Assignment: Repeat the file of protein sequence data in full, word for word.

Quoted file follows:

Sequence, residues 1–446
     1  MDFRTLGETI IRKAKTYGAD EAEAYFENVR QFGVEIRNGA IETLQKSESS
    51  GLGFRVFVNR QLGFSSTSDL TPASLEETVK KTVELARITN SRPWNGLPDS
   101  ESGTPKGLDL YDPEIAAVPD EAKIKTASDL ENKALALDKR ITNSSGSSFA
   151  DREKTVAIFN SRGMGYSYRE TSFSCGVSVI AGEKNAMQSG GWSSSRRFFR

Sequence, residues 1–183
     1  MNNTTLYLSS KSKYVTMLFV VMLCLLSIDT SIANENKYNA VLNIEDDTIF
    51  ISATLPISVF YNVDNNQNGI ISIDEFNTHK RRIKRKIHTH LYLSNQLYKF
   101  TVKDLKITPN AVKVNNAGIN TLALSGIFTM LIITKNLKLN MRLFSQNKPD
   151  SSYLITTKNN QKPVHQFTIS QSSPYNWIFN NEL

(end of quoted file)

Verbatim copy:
Sequence, residues 1–446
     1  MDFRTLGETI IRKAKTYGAD EAEAYFENVR QFGVEIRNGA IETLQKSESS
    51  GLGFRVFVNR QLGFSSTSDL TPASLEETVK KTVELARITN SRPWNGLPDS
   101  ESGTPKGLDL YDPEIAAVPD EAKIKTASDL ENKALALDKR ITNSSGSSFA
   151  DREKTVAIFN SRGMGYSYRE TSFSCGVSVI AGEKNAMQSG GWSSSRRFFR

Sequence, residues 1–183
     1  MNNTTLYLSS KSKYVTMLFV VMLCLLSIDT SIANENKYNA VLNIEDDTIF
    51  ISATLPISVF YNVDNNQNGI ISIDEFNTHK RRIKRKIHTH LYLSNQLYKF
   101  TVKDLKITPN AVKVNNAGIN TLALSGIFTM LIITKNLKLN MRLFSQNKPD
   151  SSYLITTKNN QKPVHQFTIS QSSPYNWIFN NEL